SUPPORT THIS INDEPENDENT JOURNALISM
The article you’re about to read is from our reporters doing their important work — investigating, researching, and writing their stories. We want to provide informative and inspirational stories that connect you to the people, issues and opportunities within our community. Journalism requires lots of resources. Today, our business model has been interrupted by the pandemic; the vast majority of our advertisers’ businesses have been impacted. That’s why the SC Times is now turning to you for financial support. Learn more about our new Insider’s program here. Thank you.
By Megan Bianco
John Lee Hancock’s The Little Things wants and tries to be something along the lines of Jonathan Demme’s The Silence of the Lambs (1991) or the first season of Nic Pizzolatto’s True Detective (2014).
Unfortunately, it misses the mark considerably. Whether it be that Hancock’s a little out of his element with the crime drama genre, or just a fluke, the new feature has the signs of a typical January release.
Set throughout LA County and Central California in 1990, The Little Things follows Deputy Sheriff Joe Deacon (Denzel Washington) as he is haunted by an old murder case that suddenly becomes relevant again with a recent string of young female murder victims.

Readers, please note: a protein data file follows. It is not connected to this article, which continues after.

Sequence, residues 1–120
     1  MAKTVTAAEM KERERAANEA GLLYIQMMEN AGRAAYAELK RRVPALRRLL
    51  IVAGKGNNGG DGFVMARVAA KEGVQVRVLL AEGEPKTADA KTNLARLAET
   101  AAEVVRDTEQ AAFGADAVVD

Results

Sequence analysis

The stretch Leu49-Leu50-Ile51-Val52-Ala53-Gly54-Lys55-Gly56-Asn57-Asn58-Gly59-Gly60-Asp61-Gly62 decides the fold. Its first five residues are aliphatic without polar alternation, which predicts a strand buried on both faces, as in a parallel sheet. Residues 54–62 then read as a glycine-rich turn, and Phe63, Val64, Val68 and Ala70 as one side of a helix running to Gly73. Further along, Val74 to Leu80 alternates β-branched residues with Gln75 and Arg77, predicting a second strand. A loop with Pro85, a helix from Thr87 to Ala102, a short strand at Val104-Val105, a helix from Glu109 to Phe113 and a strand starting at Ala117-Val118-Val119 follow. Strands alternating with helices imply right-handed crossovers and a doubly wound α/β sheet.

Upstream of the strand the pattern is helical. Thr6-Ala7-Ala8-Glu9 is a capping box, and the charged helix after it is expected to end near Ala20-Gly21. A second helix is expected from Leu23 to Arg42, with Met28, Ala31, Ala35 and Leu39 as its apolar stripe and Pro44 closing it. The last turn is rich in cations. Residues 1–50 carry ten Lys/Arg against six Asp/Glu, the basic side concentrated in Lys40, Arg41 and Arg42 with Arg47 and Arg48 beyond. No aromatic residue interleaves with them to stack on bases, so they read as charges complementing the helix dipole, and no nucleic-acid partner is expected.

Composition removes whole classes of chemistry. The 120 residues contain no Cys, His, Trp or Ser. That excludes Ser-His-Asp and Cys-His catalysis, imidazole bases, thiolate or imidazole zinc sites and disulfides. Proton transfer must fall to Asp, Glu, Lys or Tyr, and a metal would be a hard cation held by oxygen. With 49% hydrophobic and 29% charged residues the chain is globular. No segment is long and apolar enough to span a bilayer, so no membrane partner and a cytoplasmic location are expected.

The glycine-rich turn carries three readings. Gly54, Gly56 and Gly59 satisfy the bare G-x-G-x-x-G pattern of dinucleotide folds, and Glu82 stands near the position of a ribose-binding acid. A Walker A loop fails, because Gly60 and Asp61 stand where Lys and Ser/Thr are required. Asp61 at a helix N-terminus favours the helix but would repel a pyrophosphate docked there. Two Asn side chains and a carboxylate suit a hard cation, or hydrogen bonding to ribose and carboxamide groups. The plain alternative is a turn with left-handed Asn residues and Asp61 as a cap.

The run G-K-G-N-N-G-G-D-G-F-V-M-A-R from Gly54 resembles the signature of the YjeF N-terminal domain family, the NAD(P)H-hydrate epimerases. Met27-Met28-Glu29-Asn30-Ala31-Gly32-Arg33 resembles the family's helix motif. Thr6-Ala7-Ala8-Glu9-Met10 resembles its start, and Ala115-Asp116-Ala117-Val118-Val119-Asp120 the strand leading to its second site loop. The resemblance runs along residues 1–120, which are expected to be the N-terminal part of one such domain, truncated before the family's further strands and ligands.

Deacon is under pressure by his peers to retire after the circumstances surrounding the past case, and he now has competition with hotshot detective Jim Baxter (Rami Malek). Along the way, Deacon’s still vulnerable mental state is challenged by the new investigation, and Baxter is struggling to get a handle on repairman Albert Sparma (Jared Leto), the top suspect of the killings.
The atmosphere and mood of The Little Things get it right with neo-noiresque cinematography from John Schwartzman and a fitting music score by Thomas Newman. Yet, the vibe is wasted on a mostly boring story and film direction, with Hancock not even really allowing any legitimate twists or stakes to be interesting.
The third act also suffers from the mediocre thriller cliché of cops making unrealistic stupid decisions for the sake of moving the plot along. Washington and Malek are fine as the leads, though both have much better and intriguing performances in their past work.
Leto, on the other hand, is hamming it up with some obvious dark contact lenses, but isn’t even amusing or memorable enough to make up for the dullness elsewhere on screen.